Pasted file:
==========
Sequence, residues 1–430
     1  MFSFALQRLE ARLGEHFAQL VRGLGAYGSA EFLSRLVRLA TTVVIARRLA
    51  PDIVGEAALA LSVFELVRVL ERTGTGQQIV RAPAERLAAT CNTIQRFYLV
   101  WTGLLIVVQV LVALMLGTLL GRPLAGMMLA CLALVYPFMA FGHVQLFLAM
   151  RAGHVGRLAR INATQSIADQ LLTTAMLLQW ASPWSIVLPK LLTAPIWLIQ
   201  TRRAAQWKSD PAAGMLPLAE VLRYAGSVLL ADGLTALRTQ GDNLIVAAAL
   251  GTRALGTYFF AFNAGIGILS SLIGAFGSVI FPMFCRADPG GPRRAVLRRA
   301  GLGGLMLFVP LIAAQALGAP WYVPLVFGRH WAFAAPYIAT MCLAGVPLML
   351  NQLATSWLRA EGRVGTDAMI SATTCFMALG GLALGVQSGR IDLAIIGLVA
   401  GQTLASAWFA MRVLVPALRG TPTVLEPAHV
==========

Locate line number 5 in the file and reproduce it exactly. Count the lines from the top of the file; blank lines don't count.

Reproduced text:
   151  RAGHVGRLAR INATQSIADQ LLTTAMLLQW ASPWSIVLPK LLTAPIWLIQ